A Storied São Paulo Chef is Opening a Brazilian Restaurant in the Arts District

The first international restaurant for Brazil's Rodrigo Oliveira will feature caipirinhas, twists on traditional Brazilian cuisine and plenty of yuca.
A Storied São Paulo Chef is Opening a Brazilian Restaurant in the Arts District
Photo: Official

Chef and restaurateur Rodrigo Oliveira—a Brazil native behind two Michelin-accoladed São Paulo restaurants—will open his first international restaurant Caboco on Wednesday, Sept. 8 in the former location of Church and State in the Arts District. Oliveira is launching Caboco alongside fellow chef and business partner Victor Vasconcellos and L.A. restauranteur and current Tartine President Bill Chait, who was behind the development of Bestia, Petty Cash, Republique, Otium and Tesse.

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Oliveira chose Los Angeles as the location for his first international restaurant on account of L.A.’s impressive food scene and its similarities to São Paulo.

“It just felt right. I realized that we could bring something new to the scene, but we could also learn a lot from all of its incredible chefs,” Oliveira said in a statement. “So here we are, after a lot of learnings, new friends, upside downs and a pandemic, with a restaurant that is just like we dreamed about it: just the right size, location and, most important, at the right time.”

Back in São Paulo, Oliveira is best known for helping his father, Zé Almeida, transform a neighborhood pub, Mocotó, into a dining destination that has earned a Bib Gourmand from the Michelin Guide, held a spot on San Pelligrino’s Latin America’s 50 Best Restaurant’s list and won praise from the late food documentarian Anthony Bourdain. His second São Paulo restaurant, Balaio IMS, also earned a Michelin Bib Gourmand. Mocotó in particular is known for its exceptional cuisine, like its dadinhos de tapioca, cubed cheese with tapioca flour, and mocofava, a calf’s foot stew with beans.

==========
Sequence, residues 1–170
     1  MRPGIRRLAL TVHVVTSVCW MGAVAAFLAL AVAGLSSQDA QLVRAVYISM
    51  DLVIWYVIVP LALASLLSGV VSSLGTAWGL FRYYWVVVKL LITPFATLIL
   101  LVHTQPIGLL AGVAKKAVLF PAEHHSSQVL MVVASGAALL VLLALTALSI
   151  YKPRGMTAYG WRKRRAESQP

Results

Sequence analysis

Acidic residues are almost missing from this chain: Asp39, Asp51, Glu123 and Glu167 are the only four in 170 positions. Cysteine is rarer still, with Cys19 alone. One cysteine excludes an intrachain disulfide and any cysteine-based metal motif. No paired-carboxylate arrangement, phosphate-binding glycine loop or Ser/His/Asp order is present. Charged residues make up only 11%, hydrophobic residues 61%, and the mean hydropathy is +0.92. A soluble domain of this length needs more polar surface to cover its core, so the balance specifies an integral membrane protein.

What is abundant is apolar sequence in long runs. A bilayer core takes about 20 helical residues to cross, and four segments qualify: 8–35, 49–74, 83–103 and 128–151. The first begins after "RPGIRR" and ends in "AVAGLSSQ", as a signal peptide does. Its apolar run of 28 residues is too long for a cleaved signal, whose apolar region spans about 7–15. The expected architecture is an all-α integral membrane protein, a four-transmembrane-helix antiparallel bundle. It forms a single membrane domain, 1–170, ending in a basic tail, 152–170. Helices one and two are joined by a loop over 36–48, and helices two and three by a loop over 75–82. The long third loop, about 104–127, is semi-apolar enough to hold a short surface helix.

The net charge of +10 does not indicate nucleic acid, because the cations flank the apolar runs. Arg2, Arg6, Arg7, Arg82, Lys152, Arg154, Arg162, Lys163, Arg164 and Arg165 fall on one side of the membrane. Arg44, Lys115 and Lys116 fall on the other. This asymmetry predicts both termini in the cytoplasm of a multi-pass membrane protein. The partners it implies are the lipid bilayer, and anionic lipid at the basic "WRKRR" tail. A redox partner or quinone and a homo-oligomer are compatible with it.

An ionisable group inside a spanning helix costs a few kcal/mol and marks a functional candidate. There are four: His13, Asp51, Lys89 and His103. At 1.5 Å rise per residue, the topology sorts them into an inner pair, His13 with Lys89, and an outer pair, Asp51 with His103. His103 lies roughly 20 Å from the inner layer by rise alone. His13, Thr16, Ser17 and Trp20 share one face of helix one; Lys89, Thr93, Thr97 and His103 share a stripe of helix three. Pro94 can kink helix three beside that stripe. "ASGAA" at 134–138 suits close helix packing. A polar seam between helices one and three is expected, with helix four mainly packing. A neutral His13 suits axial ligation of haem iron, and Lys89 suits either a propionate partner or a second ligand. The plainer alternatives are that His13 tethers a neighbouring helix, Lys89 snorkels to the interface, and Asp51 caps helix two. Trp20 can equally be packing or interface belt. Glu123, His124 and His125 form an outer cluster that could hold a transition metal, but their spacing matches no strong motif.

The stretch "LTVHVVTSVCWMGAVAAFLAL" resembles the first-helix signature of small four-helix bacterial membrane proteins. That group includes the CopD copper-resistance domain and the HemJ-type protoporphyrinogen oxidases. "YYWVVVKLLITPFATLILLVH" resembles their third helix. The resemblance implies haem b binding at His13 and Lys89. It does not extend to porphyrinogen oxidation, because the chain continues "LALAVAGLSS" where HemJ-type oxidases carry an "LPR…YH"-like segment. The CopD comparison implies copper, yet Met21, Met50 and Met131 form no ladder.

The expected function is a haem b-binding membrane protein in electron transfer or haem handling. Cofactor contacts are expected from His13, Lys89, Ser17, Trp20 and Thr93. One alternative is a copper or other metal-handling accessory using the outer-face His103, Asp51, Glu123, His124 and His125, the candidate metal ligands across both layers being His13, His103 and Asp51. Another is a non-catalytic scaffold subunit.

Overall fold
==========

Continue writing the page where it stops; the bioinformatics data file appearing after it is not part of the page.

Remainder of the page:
Both dadinhos de tapioca and mocofava will make their way onto Caboco’s menu, as will new dishes he and Vasconcellos developed: vegetarian moqueca de caju, or cashew fruit stew; pirarucu, an Amazonian fish cooked in cassava juice; and housemade carne de sol, salt-cured beef with roasted garlic and biquinho peppers. Olivera also will include many dishes involving Brazilian manioc, or yuca, be it in the form of flour, sauces or fries. Amazonian fruit and wild vegetables from the southeastern part of the country, like the ora-pro-nobis plant, will also appear on the menu.

Caboco also will have a bar centered around artisanal cachaça—a spicy, sweet liquor made from fermented sugarcane juice—and caipirinha, Brazil’s national cocktail made of cachaça, sugar, and lime. It will be headed by Marcus Ragas, best known for his work at Santa Monica’s The Chestnut Club. Libations will include takes on classic Brazilian cocktails and caipirinhas made with various fruits like citrus, passionfruit and grapes.

Caboco is taking reservations through OpenTable and is sharing updates on its Instagram page.

Helen Floersh

Helen Floersh

Helen Floersh is a writer based in Los Angeles. She previously was a staff reporter at the San Fernando Valley Business Journal, where she covered retail, hospitality, health care and biotechnology.
Helen Floersh

Helen Floersh

Helen Floersh is a writer based in Los Angeles. She previously was a staff reporter at the San Fernando Valley Business Journal, where she covered retail, hospitality, health care and biotechnology.

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